Microsoft has debuted a significant overhaul of its Windows operating system – one of the biggest changes to its mainstay personal-computer software in a decade – with a design that uses rounded corners and softer visuals on its digital panels and builds in spaces for content creators and some of Microsoft’s own popular apps.
With technology giants facing increased regulatory scrutiny, Microsoft said at an event on Thursday it will focus on making Windows 11 a more open platform.
A new start menu appears at the center of the screen and helps connect users to their applications more quickly. The design will have new “web widgets” areas, where content creators can highlight their products.
One of the widgets will be a news feed that highlights stories and content and where users can give paid tips to the people who created them. The software features new layouts to “snap” multiple apps into place on a single screen.
“Think about the size and scale of the Windows platform and the opportunity to open up to local content creators and global brands alike,” Microsoft Chief Product Officer Panos Panay said at the virtual unveiling. “It’s good for creators, it’s good for consumers. We are just at the beginning of opening up new real estate within Windows.”
At the same time, Microsoft will bundle some of its own apps into Windows in a way that may cause headaches for some rivals in corporate software.
The company said it will integrate its Teams chat and videoconferencing software directly into the operating system, making it accessible with one button on the bottom of a user’s screen.
Teams has seen a huge surge in users during the pandemic, boosting Microsoft in a product category where it’s been trying to catch up with Slack and Zoom.
Introduced in 2017, Teams started out years behind popular office-chat upstart Slack, but has been closing the gap partly because the program is already included in Microsoft’s top-selling Office suite of productivity programs like Word and Excel.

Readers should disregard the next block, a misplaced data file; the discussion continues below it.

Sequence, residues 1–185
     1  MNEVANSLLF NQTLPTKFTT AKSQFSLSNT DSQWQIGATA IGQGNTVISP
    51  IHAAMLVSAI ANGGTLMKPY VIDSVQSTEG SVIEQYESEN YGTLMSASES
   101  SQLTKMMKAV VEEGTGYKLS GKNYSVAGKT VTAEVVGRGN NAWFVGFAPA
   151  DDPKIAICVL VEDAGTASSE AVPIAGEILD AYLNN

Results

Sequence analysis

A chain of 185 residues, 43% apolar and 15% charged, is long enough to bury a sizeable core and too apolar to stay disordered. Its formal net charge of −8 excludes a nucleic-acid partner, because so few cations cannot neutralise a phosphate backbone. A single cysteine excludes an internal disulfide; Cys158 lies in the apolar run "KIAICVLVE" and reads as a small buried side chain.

The move to integrate a burgeoning product into an established one looks like a throwback to the 1990s, when the software maker built its dominance – and hobbled rivals – by bundling other products into Windows, which came free and pre-installed on almost every PC shipped.
Microsoft’s past efforts to tie its own newer apps to Windows as a way to compete with rival products formed the basis of a U.S. government antitrust lawsuit against the software maker in the late 1990s.
Ultimately, the courts found Microsoft guilty of another antitrust charge and didn’t settle the bundling issue, which involved building its Internet Explorer browser into Windows to gain traction against upstart web pioneer Netscape. European regulators did find the tying behavior to be a violation of its laws.
Slack, which makes popular office-chat software, has already complained to European regulators about Microsoft’s integration of Teams into its ubiquitous Office suite of business-productivity applications, including Word and Excel.